“Life is a bunch of decisions,” my mother has said more than once. After many years of making decisions large and small, good and bad, I realize how right she is. Think about how many small decisions you make each day, from what to eat for breakfast to what to wear to what to post on Twitter to the myriads of decisions you make at work. Add to that major life decisions from who to date to where to send your kids to school to how to complete your taxes to whether to get your MBA to whether to start your own business to how to best save for retirement.
If you’re tired of deciding, you aren’t the only one. Most of us are, as this article from The New York Times explains well. What does this have to do with your content? A lot.
More and more, people turn to digital content for help with decisions. One of the best ways to help your users or customers decide is to articulate a valid and sound argument (or a set of valid and sound arguments). At its very simplest, an argument is
Your argument is valid when your logic is correct, or avoids fallacies. Your argument is sound when all of your evidence is true. For a hilarious deconstruction of unsound arguments about Muslims and the U.S. government, look no further than this clip from Stephen Colbert. To geek out on arguments, I recommend this course.
Let’s look more closely at why arguments fill gaps left by two common content approaches—providing information and asserting messages.
Information is a bunch of evidence. It’s not assembled into meaningful conclusions that are relevant to your users or customers. Back to our chocolate theme, if you listed a bunch of facts about chocolate, I’d still face much mental work to decide whether that means chocolate is healthy or whether I should eat it. You have listed facts and given me no “so what.” Like many people, I’m smart enough to figure it out eventually, but I don’t have much time or mental energy leftover to do so.
This lack of “so what” is a problem for everything from digital marketing to digital products. Take tracking your personal health data, for example. Tom Chang notes in his recent TechCrunch article about self-tracking applications that people don’t want to study the numbers.
MOST PEOPLE WOULD RATHER BE TOLD WHAT THE BIG TAKEAWAYS ARE, WHAT THEY REALLY NEED TO WORRY ABOUT AND WHAT EXACTLY TO DO NEXT.
THIS KIND OF “SO WHAT?” IS ULTIMATELY MORE VALUABLE IN THE EYES OF THE CONSUMER. (ANECDOTALLY, I’VE SEEN ENTERPRISES PAY 10 TIMES MORE FOR BUSINESS INSIGHT REPORTS AND CONSULTATIONS THAN FOR SELF-SERVICE ANALYTICS TOOLS)
Decision-weary people are willing to pay for help with decisions. Information by itself doesn’t help people make decisions. Neither does a key message alone.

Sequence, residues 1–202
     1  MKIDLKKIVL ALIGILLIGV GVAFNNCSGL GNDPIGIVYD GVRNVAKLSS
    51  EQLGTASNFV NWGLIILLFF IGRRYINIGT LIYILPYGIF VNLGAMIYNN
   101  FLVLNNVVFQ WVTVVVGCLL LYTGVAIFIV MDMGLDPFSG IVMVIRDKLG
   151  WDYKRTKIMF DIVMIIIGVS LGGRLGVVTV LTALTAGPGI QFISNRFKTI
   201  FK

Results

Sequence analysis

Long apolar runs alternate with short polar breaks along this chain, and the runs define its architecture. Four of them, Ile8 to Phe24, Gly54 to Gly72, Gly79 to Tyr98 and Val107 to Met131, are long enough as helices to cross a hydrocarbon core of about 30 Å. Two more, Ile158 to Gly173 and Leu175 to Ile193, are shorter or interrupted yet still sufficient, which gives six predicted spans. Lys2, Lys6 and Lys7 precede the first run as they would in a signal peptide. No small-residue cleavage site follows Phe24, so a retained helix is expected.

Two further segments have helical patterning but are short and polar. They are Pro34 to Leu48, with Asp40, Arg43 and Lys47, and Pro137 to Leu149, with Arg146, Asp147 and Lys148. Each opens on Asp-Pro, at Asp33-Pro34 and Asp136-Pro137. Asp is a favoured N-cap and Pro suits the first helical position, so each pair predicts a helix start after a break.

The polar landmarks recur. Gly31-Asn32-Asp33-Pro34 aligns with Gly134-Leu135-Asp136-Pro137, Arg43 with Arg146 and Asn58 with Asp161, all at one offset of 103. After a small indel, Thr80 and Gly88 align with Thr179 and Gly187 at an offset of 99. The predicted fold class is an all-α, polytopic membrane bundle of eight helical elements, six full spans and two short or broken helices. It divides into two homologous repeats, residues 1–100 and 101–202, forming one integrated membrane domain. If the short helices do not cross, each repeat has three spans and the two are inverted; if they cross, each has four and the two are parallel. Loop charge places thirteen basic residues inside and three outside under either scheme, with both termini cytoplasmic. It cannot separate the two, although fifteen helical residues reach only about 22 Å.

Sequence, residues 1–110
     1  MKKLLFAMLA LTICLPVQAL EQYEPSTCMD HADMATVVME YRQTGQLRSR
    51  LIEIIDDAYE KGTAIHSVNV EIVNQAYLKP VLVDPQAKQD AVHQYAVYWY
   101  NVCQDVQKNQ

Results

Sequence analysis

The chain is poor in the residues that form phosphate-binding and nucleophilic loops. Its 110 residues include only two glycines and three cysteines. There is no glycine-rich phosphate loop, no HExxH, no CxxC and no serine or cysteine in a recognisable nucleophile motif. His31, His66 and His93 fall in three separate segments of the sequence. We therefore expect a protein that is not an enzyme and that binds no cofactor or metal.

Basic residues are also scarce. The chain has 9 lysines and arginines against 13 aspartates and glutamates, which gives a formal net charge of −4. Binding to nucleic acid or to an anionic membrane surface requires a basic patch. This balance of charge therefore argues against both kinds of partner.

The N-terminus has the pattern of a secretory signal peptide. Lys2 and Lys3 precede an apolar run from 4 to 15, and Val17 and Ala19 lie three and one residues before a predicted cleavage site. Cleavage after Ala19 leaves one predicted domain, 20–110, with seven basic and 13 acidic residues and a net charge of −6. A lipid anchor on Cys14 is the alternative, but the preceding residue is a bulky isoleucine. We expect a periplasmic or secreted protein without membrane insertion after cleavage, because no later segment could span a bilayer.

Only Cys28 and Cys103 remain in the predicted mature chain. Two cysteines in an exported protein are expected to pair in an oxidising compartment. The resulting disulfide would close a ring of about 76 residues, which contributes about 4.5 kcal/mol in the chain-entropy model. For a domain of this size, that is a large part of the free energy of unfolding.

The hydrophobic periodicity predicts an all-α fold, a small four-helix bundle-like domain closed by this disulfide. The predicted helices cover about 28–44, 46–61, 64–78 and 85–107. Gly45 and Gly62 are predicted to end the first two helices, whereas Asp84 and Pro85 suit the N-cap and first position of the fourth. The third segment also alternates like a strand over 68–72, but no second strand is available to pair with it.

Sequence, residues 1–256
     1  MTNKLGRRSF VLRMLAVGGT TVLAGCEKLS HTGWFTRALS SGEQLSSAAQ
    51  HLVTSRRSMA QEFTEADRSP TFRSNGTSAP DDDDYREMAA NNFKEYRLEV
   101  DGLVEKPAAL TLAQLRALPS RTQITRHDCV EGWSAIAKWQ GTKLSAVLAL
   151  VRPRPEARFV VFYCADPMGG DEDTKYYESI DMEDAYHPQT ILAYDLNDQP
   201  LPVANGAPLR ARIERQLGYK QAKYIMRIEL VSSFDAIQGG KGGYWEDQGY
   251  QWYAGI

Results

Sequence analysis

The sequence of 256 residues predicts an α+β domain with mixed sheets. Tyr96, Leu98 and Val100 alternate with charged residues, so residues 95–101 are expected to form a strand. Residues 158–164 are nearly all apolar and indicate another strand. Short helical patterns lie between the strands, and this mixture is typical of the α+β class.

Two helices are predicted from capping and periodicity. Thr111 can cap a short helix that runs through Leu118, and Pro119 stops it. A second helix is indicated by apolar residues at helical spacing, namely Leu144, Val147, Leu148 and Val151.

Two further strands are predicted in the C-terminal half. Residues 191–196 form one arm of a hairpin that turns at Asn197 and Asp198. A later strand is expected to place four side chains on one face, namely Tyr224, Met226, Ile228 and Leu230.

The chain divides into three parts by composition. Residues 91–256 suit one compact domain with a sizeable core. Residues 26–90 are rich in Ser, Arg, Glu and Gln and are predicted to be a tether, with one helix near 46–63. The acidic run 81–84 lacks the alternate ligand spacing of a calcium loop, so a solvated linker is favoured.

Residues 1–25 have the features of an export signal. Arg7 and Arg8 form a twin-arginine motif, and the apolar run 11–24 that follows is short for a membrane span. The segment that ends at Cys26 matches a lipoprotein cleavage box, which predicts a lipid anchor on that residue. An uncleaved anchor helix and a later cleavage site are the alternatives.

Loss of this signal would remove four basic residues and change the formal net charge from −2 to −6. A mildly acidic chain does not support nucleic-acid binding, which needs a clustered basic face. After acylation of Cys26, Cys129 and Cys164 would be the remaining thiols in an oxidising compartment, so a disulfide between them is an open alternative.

A key message, often in the form of an ad, slogan, or tagline, has the opposite problem of information. It emphasizes the “so what” (or the claim) with little evidence and warrant. A message also can make connotations without having to justify them. For example, in the first episode of Mad Men, Don Draper suggests to a tobacco company that instead of claiming their cigarettes are healthy and fabricating evidence, they should adopt the tagline, “It’s toasted!” Saying cigarettes are toasted implies they’re like other healthy toasted things such as cereal or bread. A message with no grounding in valid, sound arguments can be quite misleading and even dangerous.
There are times and places where communicating only a key message is appropriate. A billboard has limited space, and a television advertisement has only a few seconds. A catchy message, such as milk does a body good, can be a helpful reminder. But, the age of blasting a message repeatedly without backing it up is over. (Update: Seth Godin just noted a true slogan is better than a catchy one here.) On tablets, for example, extended ads with rich content such as video and slidewhows perform better than shallow banner ads. Sooner or later, users or customers will expect you to elaborate on your message. I’d bet on sooner.
In short, if you need an advantage in your digital product, marketing, or communication, consider whether you need a well-formed argument (or two or three). Valid, sound arguments bring together a claim (or message) and evidence to help your users decide. When you reliably help decision-weary people make good decisions quickly, you will stand out from the heap of information and baseless messages.
What does the need for arguments mean for content, design, and architecture? I’ll answer that question in my next essay.
Originally published on the now-archived Content Science blog in August 2012.
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